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German private sector grows, points to 0.3% growth in Q2: PMI
[BERLIN] Germany's private sector grew at a faster rate in June than in the previous month, a survey showed on Tuesday, suggesting Europe's largest economy expanded by 0.3 per cent between April and June as it ended the quarter on a solid footing.
Markit's flash composite Purchasing Managers' Index (PMI), which tracks manufacturing and services activity that accounts for more than two-thirds of the economy, rose to 54.0 from 52.6 in May, coming in above the 50 mark that separates expansion from contraction for a 26th consecutive month.
While the average PMI reading for the second quarter was slightly lower than in the first, Markit chief economist Chris Williamson said the latest PMI surveys pointed to the economy expanding by 0.3 per cent in the April-June period - on a par with its performance in the first three months of 2015.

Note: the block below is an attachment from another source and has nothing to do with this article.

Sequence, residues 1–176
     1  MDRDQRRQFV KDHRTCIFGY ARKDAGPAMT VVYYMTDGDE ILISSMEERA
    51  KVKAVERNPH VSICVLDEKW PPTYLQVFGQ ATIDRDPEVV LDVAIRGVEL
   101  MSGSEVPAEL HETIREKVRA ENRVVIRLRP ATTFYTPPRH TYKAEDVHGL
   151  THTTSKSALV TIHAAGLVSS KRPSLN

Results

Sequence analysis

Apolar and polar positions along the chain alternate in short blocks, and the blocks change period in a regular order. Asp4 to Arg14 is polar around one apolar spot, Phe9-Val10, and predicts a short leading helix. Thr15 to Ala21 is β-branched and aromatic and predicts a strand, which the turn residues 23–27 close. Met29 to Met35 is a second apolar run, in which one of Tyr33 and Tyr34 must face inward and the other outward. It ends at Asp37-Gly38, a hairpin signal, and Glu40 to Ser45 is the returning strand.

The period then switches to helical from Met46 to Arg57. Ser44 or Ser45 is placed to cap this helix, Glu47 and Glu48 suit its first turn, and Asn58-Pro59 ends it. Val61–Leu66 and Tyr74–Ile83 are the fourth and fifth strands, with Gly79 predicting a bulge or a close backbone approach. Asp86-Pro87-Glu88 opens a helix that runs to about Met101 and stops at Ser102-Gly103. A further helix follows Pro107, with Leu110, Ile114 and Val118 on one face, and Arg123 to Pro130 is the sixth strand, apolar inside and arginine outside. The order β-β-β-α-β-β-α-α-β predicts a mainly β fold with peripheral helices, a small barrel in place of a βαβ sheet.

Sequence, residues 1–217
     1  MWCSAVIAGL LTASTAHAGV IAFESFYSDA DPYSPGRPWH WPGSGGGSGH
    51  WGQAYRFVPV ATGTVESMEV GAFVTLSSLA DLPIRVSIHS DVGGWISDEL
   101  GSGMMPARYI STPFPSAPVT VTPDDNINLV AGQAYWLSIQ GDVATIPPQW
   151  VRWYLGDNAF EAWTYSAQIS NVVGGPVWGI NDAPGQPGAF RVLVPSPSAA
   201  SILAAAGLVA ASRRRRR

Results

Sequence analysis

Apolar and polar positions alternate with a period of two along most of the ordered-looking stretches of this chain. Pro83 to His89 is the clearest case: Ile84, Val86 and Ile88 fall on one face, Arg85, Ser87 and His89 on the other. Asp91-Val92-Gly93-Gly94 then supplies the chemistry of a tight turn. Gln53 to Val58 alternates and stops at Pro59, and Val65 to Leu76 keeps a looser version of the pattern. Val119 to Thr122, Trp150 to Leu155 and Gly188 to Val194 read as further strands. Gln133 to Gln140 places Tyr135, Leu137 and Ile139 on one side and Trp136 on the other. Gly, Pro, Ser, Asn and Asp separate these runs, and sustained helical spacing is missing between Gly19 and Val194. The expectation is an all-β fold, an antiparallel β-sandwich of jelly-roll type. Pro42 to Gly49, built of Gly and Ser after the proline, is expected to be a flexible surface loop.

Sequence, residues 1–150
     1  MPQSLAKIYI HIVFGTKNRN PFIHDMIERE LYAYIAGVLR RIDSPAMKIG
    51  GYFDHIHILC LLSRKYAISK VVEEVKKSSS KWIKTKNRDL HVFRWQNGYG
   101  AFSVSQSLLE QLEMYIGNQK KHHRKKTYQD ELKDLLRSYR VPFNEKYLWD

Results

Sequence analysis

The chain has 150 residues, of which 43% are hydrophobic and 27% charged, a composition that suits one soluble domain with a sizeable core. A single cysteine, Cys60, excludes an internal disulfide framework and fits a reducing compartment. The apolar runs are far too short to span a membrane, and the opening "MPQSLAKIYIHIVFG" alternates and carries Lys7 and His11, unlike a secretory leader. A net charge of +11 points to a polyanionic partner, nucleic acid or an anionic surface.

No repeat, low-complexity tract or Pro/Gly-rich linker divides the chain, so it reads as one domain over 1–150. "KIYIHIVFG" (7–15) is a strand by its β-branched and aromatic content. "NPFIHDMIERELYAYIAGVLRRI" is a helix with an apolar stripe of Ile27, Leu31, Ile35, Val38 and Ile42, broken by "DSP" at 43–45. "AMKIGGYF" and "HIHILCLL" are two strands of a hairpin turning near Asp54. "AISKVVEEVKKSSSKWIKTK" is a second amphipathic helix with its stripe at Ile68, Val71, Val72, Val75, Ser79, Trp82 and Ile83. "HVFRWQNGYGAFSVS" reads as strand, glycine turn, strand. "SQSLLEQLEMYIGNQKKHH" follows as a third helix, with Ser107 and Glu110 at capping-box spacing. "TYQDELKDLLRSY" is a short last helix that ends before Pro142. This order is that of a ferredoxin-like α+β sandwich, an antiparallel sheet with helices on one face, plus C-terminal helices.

"GDP growth of 0.3 per cent, if we recorded that, is reasonable but ... given the amount of stimulus in the eurozone economy at the moment you would be expecting better growth figures than that," he said.
Mr Williamson also said lingering uncertainty about Russia and the Greek debt crisis were affecting the business environment in Germany while German firms were also struggling due to increased competition from other countries like Spain and Ireland.
The services sector grew at its quickest pace since March as firms became more optimistic about their future prospects but the picture was not entirely rosy - order growth was not as steep as in May, the rate of hiring slowed and input costs rose more steeply than output prices, squeezing margins.
The manufacturing sector fared slightly better than in May as factories raised production and new work flowed in faster. They also stepped up purchasing activity and boosted recruitment, suggesting they expect output to pick up in the coming months.